Electrotherapy hasn't been proven to relieve chronic back pain. In PENS, the small punctures in the skin may lead to minor bleeding or an .

Mobilization and manipulation of the spine

Mobilization and manipulation are both types of manual therapy ("manual" comes from the Latin word for “hand”: manus). In mobilization, the therapist slowly moves the joint within its natural range of movement. Manipulation therapy, on the other hand, involves using short, sharp movements to push a joint beyond its normal range of movement.

This type of sudden manipulation is also known as chiropractic adjustment. Popping or cracking sounds may be heard during the procedure. These sounds occur when small bubbles of gas in the joints burst, just like when people crack their knuckles. It is not exactly clear how these approaches are meant to work. Some of the current theories involve the release of muscle tension, the "unsticking" of tissue that is stuck together, and the realignment of certain joint structures.

There are only a few good-quality studies on the manipulation and mobilization of the spine for the treatment of chronic back pain. Further research is needed in order to properly assess the effectiveness of these treatments.

Manual therapy can sometimes have side effects such as sore muscles, cramping and temporary stiff joints or pain. More serious complications of joint manipulation, such as broken bones or partial paralysis, are very rare. They could occur if, for instance, someone has osteoporosis or if the manipulation leads to a slipped disk or makes an existing slipped disk worse.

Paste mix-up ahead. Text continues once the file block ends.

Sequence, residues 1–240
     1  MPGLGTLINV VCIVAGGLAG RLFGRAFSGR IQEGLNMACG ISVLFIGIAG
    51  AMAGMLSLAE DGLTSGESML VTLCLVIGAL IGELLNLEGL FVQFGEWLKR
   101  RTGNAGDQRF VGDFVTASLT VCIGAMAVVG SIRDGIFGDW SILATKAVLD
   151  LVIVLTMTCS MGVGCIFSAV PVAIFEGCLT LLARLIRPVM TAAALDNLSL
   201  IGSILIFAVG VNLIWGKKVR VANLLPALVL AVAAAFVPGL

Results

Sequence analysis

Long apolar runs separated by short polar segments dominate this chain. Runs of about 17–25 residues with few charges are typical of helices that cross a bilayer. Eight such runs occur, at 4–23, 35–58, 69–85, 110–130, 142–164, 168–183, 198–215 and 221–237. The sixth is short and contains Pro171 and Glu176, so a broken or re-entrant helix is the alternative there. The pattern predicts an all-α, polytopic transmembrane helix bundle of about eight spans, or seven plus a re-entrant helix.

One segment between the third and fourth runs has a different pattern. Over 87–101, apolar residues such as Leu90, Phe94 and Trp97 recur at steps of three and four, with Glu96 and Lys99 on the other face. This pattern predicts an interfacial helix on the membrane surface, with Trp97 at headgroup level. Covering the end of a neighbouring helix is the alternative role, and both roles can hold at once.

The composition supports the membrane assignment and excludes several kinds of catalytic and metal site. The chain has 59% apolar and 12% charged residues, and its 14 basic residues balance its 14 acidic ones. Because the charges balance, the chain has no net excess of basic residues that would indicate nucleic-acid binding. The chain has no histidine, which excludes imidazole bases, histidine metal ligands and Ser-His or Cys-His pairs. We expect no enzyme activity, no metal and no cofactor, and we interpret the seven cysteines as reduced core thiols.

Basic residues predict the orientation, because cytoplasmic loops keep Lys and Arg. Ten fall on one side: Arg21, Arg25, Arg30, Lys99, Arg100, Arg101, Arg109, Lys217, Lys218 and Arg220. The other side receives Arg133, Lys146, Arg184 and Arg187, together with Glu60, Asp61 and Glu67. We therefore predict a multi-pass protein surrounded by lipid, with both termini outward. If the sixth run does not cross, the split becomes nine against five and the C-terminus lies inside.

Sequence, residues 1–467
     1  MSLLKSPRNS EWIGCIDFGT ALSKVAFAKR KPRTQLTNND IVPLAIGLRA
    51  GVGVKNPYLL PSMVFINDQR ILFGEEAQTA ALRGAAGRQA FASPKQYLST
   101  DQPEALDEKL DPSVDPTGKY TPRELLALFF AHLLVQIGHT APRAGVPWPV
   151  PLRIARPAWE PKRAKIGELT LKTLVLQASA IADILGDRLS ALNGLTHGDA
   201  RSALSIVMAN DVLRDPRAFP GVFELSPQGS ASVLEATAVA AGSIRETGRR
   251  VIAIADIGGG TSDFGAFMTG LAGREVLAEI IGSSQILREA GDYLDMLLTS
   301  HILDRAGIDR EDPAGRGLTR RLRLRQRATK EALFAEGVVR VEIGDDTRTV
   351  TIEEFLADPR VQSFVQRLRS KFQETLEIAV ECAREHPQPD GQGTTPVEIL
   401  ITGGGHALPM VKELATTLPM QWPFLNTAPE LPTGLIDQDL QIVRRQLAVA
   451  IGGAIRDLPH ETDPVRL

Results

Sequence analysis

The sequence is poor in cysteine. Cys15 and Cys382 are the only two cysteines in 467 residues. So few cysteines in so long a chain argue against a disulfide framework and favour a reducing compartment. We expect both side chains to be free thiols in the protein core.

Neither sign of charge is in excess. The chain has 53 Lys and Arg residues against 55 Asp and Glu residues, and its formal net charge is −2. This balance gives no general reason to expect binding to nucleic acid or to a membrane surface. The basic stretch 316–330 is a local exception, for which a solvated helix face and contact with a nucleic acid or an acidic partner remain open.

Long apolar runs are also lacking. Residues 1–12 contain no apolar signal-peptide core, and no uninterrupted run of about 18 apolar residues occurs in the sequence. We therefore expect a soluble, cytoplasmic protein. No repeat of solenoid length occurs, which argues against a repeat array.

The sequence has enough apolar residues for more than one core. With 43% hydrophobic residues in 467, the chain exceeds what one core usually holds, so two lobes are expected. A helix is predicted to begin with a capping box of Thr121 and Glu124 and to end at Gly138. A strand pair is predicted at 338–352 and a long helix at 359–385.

Massages are a traditional way of treating back pain. They are meant to relax your muscles, reduce painful muscle tension, and increase your general sense of wellbeing.

There are different types of massage. Common techniques include traditional (Swedish) massage, Thai massage, and acupressure. The methods differ in terms of the type of hand movements that are used and which parts of the body are massaged. They also vary in the amount of pressure applied, and whether the massage therapist uses their hands, fingertips or special tools.

Massages can relieve chronic back pain a little, for a short time, but they don't have a lasting effect. Depending on how much pressure is applied to the affected area, the massage might be painful or you might feel sore afterwards. Some people are allergic to massage oil, which can cause things like rashes.


Osteopathy is a type of alternative treatment. It is based on the idea that all of the body's structures and functions influence each other. This means that problems and diseases in one joint or organ are thought to have an effect on other parts of the body. Connective tissue is considered to be particularly important in osteopathy because it connects the body's different physical structures and organs. There is no scientific proof that this theory is true, though.

In osteopathy, therapists use nothing but their hands when performing physical examinations and treatments. The therapist first feels for areas of limited mobility and areas of tension in the body, as well as other kinds of tissue changes. Then they apply various stretching techniques, massage approaches and hand movements to help with these problems. One type of osteopathic treatments is known as "muscle energy techniques." The aim of these approaches is to release areas of physical tension by tensing the muscles and stretching. Research on osteopathic treatments for back pain have produced contradictory results. There is no proof that muscle energy techniques work.

In Germany, the job title "osteopath" isn't protected and doesn't require specific training.

Other treatments

Other treatments that haven't been proven to help reduce back pain include kinesiology taping, short-wave diathermy, laser therapy, magnetic field therapy and therapeutic ultrasound. The German national guidelines (Versorgungsleitlinie) do not recommend using these treatments for back pain.